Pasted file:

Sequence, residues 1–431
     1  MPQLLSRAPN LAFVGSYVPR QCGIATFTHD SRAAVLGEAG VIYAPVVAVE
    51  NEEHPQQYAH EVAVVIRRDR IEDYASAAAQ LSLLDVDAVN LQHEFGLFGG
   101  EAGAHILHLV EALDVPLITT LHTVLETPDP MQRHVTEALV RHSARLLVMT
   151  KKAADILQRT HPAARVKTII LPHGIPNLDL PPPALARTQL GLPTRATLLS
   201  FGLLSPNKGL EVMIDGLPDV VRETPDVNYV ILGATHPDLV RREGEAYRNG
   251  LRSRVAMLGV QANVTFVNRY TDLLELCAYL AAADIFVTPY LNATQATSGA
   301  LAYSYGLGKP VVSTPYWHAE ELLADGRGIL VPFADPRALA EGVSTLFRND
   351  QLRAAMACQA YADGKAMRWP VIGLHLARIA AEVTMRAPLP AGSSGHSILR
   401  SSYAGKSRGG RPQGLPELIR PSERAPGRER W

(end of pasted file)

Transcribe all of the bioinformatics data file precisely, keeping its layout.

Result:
Sequence, residues 1–431
     1  MPQLLSRAPN LAFVGSYVPR QCGIATFTHD SRAAVLGEAG VIYAPVVAVE
    51  NEEHPQQYAH EVAVVIRRDR IEDYASAAAQ LSLLDVDAVN LQHEFGLFGG
   101  EAGAHILHLV EALDVPLITT LHTVLETPDP MQRHVTEALV RHSARLLVMT
   151  KKAADILQRT HPAARVKTII LPHGIPNLDL PPPALARTQL GLPTRATLLS
   201  FGLLSPNKGL EVMIDGLPDV VRETPDVNYV ILGATHPDLV RREGEAYRNG
   251  LRSRVAMLGV QANVTFVNRY TDLLELCAYL AAADIFVTPY LNATQATSGA
   301  LAYSYGLGKP VVSTPYWHAE ELLADGRGIL VPFADPRALA EGVSTLFRND
   351  QLRAAMACQA YADGKAMRWP VIGLHLARIA AEVTMRAPLP AGSSGHSILR
   401  SSYAGKSRGG RPQGLPELIR PSERAPGRER W